2. Pierre-Guillaume Méon, 2002. "Distributive consequences of a monetary union: what can we learn from a referendum?," ULB Institutional Repository 2013/8390, ULB -- Universite Libre de Bruxelles.
  3. Mongelli, Francesco Paolo, 2002. "ìNew" Views on the Optimum Currency Area Theory: What is EMU Telling US?," Royal Economic Society Annual Conference 2002 140, Royal Economic Society.
  4. Michael J. Artis, 2002. "Reflections on the Optimal Currency Area (OCA) criteria in the light of EMU," Working Papers 69, Oesterreichische Nationalbank (Austrian Central Bank).
  5. Barry Eichengreen & Jeffry Frieden, 1993. "The Political Economy Of European Monetary Unification: An Analytical Introduction," Economics and Politics, Wiley Blackwell, vol. 5(2), pages 85-104, 07.
  6. Vlachos, Jonas, 2003. "Who Wants Political Integration? Evidence from the Swedish EU-Membership Referendum," Working Paper Series 594, Research Institute of Industrial Economics.
  7. Barry Eichengreen & David Leblang, 2003. "Exchange Rates and Cohesion: Historical Perspectives and Political-Economy Considerations," Journal of Common Market Studies, Wiley Blackwell, vol. 41(5), pages 797-822, December.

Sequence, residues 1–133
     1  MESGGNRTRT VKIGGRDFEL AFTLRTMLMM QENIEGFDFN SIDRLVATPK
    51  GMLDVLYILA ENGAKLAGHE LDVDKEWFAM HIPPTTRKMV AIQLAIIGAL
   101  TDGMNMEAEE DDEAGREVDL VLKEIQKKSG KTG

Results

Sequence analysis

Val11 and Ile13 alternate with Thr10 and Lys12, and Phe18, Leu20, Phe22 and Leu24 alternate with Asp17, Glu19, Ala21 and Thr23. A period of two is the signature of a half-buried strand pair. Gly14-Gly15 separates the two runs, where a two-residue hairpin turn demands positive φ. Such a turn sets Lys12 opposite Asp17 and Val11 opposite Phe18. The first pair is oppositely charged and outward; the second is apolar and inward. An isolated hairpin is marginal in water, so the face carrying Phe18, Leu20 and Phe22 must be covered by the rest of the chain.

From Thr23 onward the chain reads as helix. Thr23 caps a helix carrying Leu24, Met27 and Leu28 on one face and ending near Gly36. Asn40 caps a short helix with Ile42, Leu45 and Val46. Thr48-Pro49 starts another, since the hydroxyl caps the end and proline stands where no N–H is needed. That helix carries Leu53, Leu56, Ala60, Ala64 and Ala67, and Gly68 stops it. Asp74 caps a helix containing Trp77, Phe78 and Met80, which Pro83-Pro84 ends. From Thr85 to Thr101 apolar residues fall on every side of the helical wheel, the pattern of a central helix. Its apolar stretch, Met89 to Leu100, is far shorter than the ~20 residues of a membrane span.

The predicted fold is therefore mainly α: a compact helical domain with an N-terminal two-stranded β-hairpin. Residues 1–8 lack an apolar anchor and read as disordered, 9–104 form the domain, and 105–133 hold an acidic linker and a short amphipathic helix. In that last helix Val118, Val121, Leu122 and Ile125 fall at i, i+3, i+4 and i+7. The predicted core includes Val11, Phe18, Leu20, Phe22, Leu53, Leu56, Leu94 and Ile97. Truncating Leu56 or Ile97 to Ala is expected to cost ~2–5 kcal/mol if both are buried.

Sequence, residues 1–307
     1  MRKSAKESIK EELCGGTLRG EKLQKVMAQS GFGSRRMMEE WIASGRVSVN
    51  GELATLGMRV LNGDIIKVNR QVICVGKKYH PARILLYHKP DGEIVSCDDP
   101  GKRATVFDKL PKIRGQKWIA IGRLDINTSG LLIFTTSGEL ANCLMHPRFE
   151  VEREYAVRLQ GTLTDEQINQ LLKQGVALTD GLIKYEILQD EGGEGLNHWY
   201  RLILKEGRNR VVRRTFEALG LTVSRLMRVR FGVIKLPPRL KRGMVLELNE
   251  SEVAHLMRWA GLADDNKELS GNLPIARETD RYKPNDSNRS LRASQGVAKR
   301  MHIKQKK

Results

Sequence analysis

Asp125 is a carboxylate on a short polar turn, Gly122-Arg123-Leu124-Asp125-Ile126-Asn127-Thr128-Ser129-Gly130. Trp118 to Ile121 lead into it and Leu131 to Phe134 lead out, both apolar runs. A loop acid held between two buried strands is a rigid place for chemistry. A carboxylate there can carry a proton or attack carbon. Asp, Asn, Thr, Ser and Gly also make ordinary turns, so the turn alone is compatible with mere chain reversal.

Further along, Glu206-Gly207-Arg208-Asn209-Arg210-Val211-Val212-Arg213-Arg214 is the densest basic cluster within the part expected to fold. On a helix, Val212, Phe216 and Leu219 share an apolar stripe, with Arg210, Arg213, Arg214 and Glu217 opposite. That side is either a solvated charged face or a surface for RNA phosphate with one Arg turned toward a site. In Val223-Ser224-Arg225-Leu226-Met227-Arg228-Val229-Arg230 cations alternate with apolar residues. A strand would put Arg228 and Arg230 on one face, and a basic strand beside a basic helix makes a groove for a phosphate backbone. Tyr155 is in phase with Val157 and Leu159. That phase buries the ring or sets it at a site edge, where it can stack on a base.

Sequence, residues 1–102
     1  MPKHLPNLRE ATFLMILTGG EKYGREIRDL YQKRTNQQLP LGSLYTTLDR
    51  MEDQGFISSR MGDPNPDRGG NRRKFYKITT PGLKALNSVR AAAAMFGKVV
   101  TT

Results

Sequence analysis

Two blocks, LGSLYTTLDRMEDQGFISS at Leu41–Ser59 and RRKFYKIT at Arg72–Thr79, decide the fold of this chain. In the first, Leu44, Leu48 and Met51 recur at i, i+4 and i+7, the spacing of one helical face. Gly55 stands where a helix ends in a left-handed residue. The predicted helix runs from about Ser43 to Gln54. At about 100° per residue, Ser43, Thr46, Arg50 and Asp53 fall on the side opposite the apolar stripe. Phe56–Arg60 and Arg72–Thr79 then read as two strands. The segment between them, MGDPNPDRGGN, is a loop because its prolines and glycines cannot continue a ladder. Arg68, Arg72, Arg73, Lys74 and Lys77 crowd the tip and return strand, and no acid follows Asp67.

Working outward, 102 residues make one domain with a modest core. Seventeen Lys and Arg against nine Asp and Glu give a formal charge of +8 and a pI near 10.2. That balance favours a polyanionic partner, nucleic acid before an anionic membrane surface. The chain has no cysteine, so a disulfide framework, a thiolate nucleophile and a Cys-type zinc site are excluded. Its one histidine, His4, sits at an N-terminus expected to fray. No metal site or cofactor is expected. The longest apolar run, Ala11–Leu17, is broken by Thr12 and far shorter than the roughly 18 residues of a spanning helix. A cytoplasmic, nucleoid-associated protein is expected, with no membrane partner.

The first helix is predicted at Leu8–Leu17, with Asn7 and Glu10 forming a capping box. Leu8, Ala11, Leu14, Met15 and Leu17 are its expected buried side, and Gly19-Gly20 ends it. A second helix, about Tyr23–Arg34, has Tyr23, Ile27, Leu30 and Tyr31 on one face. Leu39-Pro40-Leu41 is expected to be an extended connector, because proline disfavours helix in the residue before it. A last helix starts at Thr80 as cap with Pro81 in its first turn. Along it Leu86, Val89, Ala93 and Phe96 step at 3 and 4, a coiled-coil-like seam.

8. Michael D. Bordo & Lars Jonung, 1999. "The Future of EMU: What Does the History of Monetary Unions Tell Us?," NBER Working Papers 7365, National Bureau of Economic Research, Inc.
Full references (including those not matched with items on IDEAS)

Citations

Citations are extracted by the CitEc Project, subscribe to its RSS feed for this item.
as in new window

Cited by:
  1. Siklos, Pierre L., 2010. "Meeting Maastricht: Nominal convergence of the new member states toward EMU," Economic Modelling, Elsevier, vol. 27(2), pages 507-515, March.

Lists

This item is not listed on Wikipedia, on a reading list or among the top items on IDEAS.

Statistics

Access and download statistics

Corrections

When requesting a correction, please mention this item's handle: RePEc:pra:mprapa:1334. See general information about how to correct material in RePEc.

For technical questions regarding this item, or to correct its authors, title, abstract, bibliographic or download information, contact: (Ekkehart Schlicht).

If you have authored this item and are not yet registered with RePEc, we encourage you to do it here. This allows to link your profile to this item. It also allows you to accept potential citations to this item that we are uncertain about.

If references are entirely missing, you can add them using this form.

If the full references list an item that is present in RePEc, but the system did not link to it, you can help with this form.

If you know of missing items citing this one, you can help us creating those links by adding the relevant references in the same way as above, for each refering item. If you are a registered author of this item, you may also want to check the "citations" tab in your profile, as there may be some citations waiting for confirmation.

Please note that corrections may take a couple of weeks to filter through the various RePEc services.